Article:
Provided by: mercurial-common_3.7.3-1ubuntu1_all bug

NAME

       hgignore - syntax for Mercurial ignore files

SYNOPSIS

       The Mercurial system uses a file called .hgignore in the root directory of a repository to
       control its behavior when it searches for files that it is not currently tracking.

DESCRIPTION

       The working directory of a Mercurial repository will often contain files that  should  not
       be  tracked by Mercurial. These include backup files created by editors and build products
       created by compilers.  These files can be ignored by listing them in a .hgignore  file  in
       the  root  of  the  working  directory. The .hgignore file must be created manually. It is
       typically put under version  control,  so  that  the  settings  will  propagate  to  other
       repositories with push and pull.

       An untracked file is ignored if its path relative to the repository root directory, or any
       prefix path of that path, is matched against any pattern in .hgignore.

       For example, say we have an untracked file, file.c, at a/b/file.c inside  our  repository.
       Mercurial will ignore file.c if any pattern in .hgignore matches a/b/file.c, a/b or a.

       In  addition,  a  Mercurial  configuration  file can reference a set of per-user or global
       ignore files. See the ignore configuration key on the [ui] section of hg  help  config for
       details of how to configure these files.

       To control Mercurial's handling of files that it manages, many commands support the -I and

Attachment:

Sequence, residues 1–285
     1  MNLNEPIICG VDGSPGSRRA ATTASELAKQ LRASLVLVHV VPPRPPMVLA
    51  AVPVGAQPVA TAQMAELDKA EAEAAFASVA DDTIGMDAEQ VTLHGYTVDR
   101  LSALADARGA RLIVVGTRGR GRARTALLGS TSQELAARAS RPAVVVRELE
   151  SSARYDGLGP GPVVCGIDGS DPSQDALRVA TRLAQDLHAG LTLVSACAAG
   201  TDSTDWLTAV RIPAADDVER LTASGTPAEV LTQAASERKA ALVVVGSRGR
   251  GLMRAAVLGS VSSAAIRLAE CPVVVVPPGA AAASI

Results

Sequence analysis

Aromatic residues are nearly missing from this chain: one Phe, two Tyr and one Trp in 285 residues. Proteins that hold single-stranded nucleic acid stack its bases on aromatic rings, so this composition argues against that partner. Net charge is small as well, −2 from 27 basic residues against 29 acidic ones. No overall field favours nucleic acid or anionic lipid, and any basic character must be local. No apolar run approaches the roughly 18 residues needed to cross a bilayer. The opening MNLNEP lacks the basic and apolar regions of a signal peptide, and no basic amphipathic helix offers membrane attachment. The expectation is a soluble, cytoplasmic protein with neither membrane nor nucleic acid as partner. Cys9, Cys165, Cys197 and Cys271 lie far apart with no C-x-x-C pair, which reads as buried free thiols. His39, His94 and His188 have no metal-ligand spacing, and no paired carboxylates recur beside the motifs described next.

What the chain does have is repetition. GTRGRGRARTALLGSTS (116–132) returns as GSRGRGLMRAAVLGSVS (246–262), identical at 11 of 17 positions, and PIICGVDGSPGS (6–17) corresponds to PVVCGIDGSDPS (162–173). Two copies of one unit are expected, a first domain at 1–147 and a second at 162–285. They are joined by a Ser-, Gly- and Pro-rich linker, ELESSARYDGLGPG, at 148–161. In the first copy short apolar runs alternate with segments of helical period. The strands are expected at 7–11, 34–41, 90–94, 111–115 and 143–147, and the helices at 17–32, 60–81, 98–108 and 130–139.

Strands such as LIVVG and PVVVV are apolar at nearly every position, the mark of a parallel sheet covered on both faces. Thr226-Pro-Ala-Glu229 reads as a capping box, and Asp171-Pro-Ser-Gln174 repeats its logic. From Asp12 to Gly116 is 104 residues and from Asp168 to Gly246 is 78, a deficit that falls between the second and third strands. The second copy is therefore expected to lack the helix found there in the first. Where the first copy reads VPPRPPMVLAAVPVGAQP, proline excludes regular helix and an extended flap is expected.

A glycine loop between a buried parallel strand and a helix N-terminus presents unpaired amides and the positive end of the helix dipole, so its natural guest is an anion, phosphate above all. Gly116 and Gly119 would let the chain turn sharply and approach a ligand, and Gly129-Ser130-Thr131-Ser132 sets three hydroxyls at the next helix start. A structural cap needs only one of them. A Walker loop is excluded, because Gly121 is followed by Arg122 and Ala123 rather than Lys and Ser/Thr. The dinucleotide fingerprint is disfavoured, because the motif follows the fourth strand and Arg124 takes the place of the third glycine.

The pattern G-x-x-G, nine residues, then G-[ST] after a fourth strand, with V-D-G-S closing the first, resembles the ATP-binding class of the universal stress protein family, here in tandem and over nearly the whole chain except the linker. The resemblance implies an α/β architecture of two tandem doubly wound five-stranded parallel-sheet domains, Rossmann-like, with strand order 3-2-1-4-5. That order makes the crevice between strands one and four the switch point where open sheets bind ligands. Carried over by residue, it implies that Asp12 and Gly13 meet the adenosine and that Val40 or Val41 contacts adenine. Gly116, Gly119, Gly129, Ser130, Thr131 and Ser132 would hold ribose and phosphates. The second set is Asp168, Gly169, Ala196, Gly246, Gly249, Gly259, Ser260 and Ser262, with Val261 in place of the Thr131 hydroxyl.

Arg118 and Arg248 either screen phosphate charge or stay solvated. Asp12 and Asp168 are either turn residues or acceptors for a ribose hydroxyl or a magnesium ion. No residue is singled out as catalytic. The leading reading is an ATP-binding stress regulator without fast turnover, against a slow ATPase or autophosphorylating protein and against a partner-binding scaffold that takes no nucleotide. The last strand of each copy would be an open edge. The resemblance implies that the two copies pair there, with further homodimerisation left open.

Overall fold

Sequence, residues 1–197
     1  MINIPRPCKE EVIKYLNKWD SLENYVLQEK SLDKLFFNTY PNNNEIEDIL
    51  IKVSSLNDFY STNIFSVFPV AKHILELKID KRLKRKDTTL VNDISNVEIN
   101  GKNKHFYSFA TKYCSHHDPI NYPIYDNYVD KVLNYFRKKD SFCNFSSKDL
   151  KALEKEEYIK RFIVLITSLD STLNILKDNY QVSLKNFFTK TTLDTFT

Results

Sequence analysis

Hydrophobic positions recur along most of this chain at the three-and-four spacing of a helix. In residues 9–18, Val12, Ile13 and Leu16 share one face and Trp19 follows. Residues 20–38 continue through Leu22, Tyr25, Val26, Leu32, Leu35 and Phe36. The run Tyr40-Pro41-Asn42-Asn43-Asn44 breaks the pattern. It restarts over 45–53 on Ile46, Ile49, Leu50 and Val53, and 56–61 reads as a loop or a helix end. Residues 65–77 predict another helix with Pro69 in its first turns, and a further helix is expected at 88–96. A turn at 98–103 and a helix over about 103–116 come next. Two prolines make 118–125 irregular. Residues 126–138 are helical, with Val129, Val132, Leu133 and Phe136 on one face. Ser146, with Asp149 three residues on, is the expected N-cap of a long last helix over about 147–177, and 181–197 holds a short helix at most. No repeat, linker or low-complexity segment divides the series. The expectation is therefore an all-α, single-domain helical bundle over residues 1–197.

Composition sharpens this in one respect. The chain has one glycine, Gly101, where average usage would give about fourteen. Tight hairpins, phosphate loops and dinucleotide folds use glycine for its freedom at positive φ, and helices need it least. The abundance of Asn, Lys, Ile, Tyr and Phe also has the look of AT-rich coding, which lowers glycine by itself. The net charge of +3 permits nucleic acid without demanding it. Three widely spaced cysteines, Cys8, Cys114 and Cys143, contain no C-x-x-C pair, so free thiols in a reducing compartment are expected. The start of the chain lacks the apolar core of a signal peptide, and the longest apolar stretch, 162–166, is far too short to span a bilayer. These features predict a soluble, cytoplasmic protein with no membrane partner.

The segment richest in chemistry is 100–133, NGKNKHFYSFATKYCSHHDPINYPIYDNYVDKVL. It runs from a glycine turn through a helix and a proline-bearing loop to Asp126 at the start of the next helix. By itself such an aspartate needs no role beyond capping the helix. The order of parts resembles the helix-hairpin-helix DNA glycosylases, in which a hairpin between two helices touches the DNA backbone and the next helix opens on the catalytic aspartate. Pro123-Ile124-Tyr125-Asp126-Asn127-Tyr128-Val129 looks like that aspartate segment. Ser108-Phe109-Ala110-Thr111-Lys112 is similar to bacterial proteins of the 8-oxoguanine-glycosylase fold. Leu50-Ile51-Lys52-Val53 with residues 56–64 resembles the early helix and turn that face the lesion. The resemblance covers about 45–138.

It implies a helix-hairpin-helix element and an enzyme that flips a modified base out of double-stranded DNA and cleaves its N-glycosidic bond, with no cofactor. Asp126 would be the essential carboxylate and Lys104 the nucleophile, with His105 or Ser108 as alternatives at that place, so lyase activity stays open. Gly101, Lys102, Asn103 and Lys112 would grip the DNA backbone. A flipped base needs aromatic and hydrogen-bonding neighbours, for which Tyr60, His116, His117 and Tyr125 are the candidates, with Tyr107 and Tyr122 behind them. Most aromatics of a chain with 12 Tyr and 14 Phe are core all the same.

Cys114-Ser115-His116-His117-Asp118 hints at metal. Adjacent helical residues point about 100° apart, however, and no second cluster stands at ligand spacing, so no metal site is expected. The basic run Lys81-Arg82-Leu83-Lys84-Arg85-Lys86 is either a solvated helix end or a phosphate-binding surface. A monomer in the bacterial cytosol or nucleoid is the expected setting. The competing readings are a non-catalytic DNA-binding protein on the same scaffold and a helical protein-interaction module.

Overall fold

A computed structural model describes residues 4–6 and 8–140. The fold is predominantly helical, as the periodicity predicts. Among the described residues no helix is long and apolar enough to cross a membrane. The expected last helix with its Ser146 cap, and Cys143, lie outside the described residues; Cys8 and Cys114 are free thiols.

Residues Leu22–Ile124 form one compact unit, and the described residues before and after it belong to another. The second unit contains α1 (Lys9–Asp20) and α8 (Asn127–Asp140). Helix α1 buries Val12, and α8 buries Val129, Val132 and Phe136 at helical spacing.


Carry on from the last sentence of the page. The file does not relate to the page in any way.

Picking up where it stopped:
-X options; see hg help <command> and hg help patterns for details.

       Files that are already tracked are not affected by  .hgignore,  even  if  they  appear  in
       .hgignore.  An  untracked file X can be explicitly added with hg add X, even if X would be
       excluded by a pattern in .hgignore.

SYNTAX

       An ignore file is a plain text file consisting of a list of patterns, with one pattern per
       line.  Empty lines are skipped. The # character is treated as a comment character, and the
       \ character is treated as an escape character.

       Mercurial supports several pattern syntaxes. The default syntax used is  Python/Perl-style
       regular expressions.

       To change the syntax used, use a line of the following form:

       syntax: NAME

       where NAME is one of the following:

       regexp

              Regular expression, Python/Perl syntax.

       glob

              Shell-style glob.

       The  chosen  syntax  stays  in effect when parsing all patterns that follow, until another
       syntax is selected.

       Neither glob nor regexp patterns are rooted. A glob-syntax pattern of the  form  *.c  will
       match  a file ending in .c in any directory, and a regexp pattern of the form \.c$ will do
       the same. To root a regexp pattern, start it with ^.

       Subdirectories    can    have    their    own     .hgignore     settings     by     adding
       subinclude:path/to/subdir/.hgignore  to  the  root  .hgignore.  See  hg  help patterns for
       details on subinclude: and include:.

       Note   Patterns specified in other than .hgignore are always rooted.  Please see  hg  help
              patterns for details.

EXAMPLE

       Here is an example ignore file.

       # use glob syntax.
       syntax: glob

       *.elc
       *.pyc
       *~

       # switch to regexp syntax.
       syntax: regexp
       ^\.pc/

AUTHOR

       Vadim Gelfer <vadim.gelfer@gmail.com>

       Mercurial was written by Matt Mackall <mpm@selenic.com>.

SEE ALSO

       hg(1), hgrc(5)

COPYING

       This  manual  page  is copyright 2006 Vadim Gelfer.  Mercurial is copyright 2005-2016 Matt
       Mackall.  Free use of this software is granted under the terms of the GNU  General  Public
       License version 2 or any later version.

AUTHOR

       Vadim Gelfer <vadim.gelfer@gmail.com>

       Organization: Mercurial

                                                                                      HGIGNORE(5)